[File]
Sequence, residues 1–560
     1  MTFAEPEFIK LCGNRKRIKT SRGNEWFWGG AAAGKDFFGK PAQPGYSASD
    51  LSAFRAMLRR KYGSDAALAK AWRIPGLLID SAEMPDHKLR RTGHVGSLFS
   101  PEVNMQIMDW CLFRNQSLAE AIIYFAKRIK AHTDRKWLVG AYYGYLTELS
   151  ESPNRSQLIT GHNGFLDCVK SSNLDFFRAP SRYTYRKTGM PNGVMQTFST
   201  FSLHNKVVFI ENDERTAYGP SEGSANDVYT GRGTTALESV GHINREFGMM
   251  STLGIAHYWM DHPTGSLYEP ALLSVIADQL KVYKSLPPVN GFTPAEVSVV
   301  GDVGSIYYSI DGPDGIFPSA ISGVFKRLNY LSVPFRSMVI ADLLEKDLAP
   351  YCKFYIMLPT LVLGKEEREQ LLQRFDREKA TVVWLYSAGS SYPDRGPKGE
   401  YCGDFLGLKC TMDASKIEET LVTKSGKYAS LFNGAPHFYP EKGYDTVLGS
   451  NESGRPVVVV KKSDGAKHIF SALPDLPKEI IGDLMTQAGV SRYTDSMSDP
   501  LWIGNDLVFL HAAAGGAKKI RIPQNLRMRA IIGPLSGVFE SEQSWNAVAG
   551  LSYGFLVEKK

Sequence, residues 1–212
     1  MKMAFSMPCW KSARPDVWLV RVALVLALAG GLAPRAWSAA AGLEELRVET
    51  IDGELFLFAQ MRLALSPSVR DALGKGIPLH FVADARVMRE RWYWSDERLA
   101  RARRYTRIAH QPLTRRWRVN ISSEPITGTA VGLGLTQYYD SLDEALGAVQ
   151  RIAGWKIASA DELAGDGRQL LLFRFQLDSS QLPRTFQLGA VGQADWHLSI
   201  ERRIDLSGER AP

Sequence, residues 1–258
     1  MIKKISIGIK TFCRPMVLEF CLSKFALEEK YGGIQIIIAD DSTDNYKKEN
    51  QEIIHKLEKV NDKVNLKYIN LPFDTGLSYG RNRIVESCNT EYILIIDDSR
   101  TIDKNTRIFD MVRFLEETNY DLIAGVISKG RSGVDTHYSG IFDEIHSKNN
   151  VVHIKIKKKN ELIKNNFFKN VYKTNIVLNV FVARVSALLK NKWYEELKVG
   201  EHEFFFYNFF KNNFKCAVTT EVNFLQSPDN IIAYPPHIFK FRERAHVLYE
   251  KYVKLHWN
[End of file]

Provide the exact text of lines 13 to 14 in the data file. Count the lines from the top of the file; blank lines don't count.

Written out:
   551  LSYGFLVEKK

Sequence, residues 1–212